See also: composé


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From Middle English composen, from Old French composer (to compose, compound, adjust, settle), from com- + poser, as an adaptation of Latin componere (to put together, compose), from com- (together) + ponere (to put, place)



compose (third-person singular simple present composes, present participle composing, simple past and past participle composed)

  1. (transitive) To make something by merging parts. [from later 15th c.]
    The editor composed a historical journal from many individual letters.
    • December 22 1678, Thomas Sprat, A Sermon Preached before the King at White-Hall
      Zeal ought to be composed of the highest degrees of all pious affection.
  2. (transitive) To make up the whole; to constitute.
    A church is composed of its members.
    • 1741, I[saac] Watts, The Improvement of the Mind: Or, A Supplement to the Art of Logick: [], London: [] James Brackstone, [], OCLC 723474632:
      A few useful things [] compose their intellectual possessions.
  3. (transitive, nonstandard) To comprise.
  4. (transitive or intransitive) To construct by mental labor; to think up; particularly, to produce or create a literary or musical work.
    The orator composed his speech over the week prior.
    Nine numbered symphonies, including the Fifth, were composed by Beethoven.
    It's difficult to compose without absolute silence.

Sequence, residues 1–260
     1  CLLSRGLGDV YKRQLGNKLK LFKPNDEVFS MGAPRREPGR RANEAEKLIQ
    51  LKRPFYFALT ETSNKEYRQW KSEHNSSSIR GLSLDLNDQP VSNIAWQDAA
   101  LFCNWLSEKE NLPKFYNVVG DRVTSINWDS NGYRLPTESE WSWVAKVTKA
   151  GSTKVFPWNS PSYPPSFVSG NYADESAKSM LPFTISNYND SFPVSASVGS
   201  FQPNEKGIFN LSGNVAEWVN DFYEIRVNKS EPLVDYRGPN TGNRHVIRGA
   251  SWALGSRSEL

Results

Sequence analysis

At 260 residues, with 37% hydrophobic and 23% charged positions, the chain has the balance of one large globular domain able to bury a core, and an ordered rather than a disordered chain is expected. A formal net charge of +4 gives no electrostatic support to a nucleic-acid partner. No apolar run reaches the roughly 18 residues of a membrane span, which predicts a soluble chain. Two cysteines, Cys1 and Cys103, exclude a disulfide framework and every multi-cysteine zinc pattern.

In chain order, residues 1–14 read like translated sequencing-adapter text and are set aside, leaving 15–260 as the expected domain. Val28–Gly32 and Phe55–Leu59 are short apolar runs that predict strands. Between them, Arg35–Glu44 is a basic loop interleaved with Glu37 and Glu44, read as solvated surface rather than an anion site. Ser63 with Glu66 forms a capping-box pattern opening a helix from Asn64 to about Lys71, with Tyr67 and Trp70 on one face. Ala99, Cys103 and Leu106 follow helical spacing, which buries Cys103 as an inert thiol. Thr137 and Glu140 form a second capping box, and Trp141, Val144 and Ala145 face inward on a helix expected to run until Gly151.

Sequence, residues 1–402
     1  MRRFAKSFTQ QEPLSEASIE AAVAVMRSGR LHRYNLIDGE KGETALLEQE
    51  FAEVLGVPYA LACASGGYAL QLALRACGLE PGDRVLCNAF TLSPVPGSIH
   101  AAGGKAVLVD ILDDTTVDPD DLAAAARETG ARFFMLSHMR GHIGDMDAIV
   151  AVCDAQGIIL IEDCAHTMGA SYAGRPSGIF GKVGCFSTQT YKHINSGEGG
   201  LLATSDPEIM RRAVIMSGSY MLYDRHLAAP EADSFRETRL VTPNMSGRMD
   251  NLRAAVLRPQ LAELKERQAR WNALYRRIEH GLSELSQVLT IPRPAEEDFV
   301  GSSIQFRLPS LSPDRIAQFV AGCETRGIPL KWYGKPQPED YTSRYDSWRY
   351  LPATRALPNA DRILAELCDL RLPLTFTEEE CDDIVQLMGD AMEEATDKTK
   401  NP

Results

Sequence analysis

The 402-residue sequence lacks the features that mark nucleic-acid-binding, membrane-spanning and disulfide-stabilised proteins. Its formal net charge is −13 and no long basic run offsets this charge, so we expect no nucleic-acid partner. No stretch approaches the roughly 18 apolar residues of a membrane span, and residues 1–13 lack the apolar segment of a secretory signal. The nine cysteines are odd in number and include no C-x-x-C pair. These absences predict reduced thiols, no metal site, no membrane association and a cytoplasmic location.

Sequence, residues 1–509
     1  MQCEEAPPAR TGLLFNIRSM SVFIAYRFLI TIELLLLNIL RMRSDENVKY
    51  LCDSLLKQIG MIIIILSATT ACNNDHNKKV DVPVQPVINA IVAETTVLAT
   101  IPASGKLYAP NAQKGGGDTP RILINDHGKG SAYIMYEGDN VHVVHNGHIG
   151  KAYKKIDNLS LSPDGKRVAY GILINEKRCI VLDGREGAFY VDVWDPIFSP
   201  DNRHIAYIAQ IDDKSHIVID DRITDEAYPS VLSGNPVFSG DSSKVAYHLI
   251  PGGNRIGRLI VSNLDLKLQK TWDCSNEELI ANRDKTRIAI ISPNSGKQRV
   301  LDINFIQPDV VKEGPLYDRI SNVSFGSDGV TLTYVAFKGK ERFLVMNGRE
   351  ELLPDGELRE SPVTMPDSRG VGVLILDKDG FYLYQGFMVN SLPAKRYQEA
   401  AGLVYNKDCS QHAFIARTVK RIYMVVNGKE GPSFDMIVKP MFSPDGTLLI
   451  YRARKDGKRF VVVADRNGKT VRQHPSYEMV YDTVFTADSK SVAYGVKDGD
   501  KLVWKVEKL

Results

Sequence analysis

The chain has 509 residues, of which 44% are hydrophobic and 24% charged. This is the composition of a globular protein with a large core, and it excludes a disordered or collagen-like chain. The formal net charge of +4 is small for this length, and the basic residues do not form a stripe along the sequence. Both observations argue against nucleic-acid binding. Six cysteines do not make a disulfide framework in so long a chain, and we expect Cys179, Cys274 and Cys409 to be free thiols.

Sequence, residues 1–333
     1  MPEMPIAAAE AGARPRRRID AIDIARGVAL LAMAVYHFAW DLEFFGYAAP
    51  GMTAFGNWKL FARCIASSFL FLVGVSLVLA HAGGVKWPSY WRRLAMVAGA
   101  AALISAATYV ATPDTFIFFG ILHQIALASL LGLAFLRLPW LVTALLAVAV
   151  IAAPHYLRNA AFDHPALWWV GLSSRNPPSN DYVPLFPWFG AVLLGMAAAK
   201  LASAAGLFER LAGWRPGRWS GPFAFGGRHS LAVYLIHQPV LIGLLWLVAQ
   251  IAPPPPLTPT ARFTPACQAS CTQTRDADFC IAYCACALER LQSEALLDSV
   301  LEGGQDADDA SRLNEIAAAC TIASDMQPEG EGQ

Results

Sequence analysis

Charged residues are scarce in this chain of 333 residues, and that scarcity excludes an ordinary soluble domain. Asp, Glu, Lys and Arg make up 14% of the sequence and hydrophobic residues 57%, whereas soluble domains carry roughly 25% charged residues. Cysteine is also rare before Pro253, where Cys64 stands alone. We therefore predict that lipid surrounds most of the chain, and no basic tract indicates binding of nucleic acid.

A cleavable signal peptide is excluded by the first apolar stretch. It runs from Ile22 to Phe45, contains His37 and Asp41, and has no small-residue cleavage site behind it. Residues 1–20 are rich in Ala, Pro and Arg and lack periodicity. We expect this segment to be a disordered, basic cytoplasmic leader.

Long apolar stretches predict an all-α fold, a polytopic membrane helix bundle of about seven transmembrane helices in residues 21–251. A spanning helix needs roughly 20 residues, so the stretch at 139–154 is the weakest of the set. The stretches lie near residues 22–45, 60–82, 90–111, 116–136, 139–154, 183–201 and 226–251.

• 1714, Alexander Pope, Imitation of Horace, Book II. Sat. 6
      Let me [] compose / Something in Verse as true as Prose.
    • 1838, Benjamin Haydon, Painting, and the fine arts
      the genius that composed such works as the "Standard" and "Last Supper"
  5. (sometimes reflexive) To calm; to free from agitation.
    Try to compose your thoughts.
    The defendant couldn't compose herself and was found in contempt.
    • 1697, “(please specify the book number)”, in John Dryden, transl., The Works of Virgil: Containing His Pastorals, Georgics, and Æneis. [], London: [] Jacob Tonson, [], OCLC 403869432:
      Compose thy mind; / Nor frauds are here contrived, nor force designed.
  6. To arrange the elements of a photograph or other picture.
  7. To settle (an argument, dispute etc.); to come to a settlement.
    • 2010, Christopher Hitchens, Hitch-22, Atlantic 2011, p. 280:
      By trying his best to compose matters with the mullahs, he had sincerely shown that he did not seek a violent collision []
  8. To arrange in proper form; to reduce to order; to put in proper state or condition.
  9. (printing, dated) To arrange (types) in a composing stick for printing; to typeset.


Derived termsEdit

Related termsEdit


The translations below need to be checked and inserted above into the appropriate translation tables, removing any numbers. Numbers do not necessarily match those in definitions. See instructions at Wiktionary:Entry layout § Translations.




  1. first-person singular present indicative of composer
  2. third-person singular present indicative of composer
  3. first-person singular present subjunctive of composer
  4. third-person singular present subjunctive of composer
  5. second-person singular imperative of composer




  1. third-person singular past historic of comporre